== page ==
Supreme Court accepts South Carolina electoral map drawn by Republicans

Critics of the new division of voting districts in the southern state say that it is racist and discriminatory.

The Supreme Court of the United States announced Thursday that the new electoral map for South Carolina modified by the Republicans is constitutional. Said electoral was accused by Democrats if being made based on discriminatory and racist parameters.

The Supreme Court approved the new electoral map after a vote that ended with six votes in favor and three against. The judges thus reject that the map was drawn based on racial discrimination. With the new map, Republicans strengthen their results in the state's First Congressional District, represented by Nancy Mace.

The opinion written by conservative Justice Samuel Alito stipulates that "A party challenging a map's constitutionality must disentangle race and politics if it wishes to prove that the legislature was motivated by race as opposed to partisanship. Second, in assessing a legislature's work, we start with a presumption that the legislature acted in good faith."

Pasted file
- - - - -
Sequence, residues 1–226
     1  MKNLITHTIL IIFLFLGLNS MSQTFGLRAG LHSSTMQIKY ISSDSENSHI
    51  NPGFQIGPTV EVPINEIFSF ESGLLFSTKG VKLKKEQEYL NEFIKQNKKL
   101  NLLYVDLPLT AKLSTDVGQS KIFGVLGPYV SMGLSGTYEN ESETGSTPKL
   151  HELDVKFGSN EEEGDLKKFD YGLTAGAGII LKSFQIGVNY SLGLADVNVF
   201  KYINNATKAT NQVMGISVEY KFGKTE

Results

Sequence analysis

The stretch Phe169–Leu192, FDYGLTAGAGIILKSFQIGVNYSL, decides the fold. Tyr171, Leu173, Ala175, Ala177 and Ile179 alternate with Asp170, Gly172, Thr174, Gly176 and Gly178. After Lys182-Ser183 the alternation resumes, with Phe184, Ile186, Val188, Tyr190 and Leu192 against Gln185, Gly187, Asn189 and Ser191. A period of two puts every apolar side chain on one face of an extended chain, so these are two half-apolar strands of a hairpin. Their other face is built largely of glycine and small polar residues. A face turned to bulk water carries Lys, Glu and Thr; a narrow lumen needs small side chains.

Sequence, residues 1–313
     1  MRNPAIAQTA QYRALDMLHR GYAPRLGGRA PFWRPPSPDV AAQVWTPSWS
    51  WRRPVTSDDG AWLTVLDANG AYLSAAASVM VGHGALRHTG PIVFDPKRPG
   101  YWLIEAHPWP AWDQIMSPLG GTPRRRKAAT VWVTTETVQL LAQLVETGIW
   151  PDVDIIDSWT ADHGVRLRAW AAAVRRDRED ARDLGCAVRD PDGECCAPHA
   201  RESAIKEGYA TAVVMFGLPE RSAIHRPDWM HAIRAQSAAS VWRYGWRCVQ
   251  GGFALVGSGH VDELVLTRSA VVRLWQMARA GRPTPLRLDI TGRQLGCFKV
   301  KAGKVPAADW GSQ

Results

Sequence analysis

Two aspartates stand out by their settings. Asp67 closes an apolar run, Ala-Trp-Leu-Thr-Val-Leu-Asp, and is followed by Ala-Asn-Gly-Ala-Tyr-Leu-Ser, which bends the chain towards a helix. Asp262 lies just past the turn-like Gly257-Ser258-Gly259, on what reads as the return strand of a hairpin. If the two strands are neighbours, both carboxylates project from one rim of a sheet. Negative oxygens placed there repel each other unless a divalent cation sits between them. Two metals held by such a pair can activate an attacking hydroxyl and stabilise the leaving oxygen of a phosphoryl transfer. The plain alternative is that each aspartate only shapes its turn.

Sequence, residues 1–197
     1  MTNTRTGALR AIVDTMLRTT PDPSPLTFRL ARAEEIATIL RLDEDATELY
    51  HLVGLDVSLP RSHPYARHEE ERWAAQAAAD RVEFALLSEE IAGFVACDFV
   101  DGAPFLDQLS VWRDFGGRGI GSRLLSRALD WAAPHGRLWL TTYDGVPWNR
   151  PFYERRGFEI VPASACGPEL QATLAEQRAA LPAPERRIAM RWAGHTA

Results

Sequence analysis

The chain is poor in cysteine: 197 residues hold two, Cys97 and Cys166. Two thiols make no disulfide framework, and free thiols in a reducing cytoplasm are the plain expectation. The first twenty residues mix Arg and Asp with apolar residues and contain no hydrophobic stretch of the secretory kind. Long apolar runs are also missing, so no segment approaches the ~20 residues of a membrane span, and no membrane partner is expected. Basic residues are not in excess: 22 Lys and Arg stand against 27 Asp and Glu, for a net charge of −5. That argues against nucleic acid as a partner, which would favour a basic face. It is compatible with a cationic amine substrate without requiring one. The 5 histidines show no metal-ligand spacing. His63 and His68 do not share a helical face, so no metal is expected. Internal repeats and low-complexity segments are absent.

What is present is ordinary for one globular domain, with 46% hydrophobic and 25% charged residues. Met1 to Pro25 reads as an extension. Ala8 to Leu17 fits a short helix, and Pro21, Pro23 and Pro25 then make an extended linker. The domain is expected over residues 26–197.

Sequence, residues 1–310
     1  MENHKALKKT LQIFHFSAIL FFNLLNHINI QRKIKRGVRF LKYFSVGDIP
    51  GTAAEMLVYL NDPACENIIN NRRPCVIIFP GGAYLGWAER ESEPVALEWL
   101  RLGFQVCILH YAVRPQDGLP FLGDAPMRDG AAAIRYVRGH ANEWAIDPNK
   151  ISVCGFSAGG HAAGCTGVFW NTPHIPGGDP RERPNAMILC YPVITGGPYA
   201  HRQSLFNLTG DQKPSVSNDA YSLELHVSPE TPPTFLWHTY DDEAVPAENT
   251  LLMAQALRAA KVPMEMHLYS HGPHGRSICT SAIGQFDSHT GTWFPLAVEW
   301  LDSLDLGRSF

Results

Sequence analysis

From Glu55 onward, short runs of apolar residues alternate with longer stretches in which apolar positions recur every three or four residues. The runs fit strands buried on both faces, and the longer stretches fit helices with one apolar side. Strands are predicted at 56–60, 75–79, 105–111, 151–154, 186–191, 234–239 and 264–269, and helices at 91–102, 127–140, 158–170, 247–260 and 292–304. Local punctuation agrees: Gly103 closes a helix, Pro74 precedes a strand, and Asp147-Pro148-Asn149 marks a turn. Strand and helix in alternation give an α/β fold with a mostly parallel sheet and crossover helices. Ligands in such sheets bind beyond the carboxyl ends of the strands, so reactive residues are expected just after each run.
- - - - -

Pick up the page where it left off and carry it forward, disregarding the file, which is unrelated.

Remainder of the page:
The ACLU took the reform of the electoral map to court last March. The electoral district reform law passed through several courts before reaching the Supreme Court and will finally take effect for the next presidential elections in November in the state of South Carolina.

The district of contention is located in the Charleston area, the most populous city in South Carolina and which currently has Republican Nancy Mace as a representative in the House. In the First Congressional District, the new map displaced nearly 30,000 African American voters to the Sixth Congressional District, which already had a Democratic majority.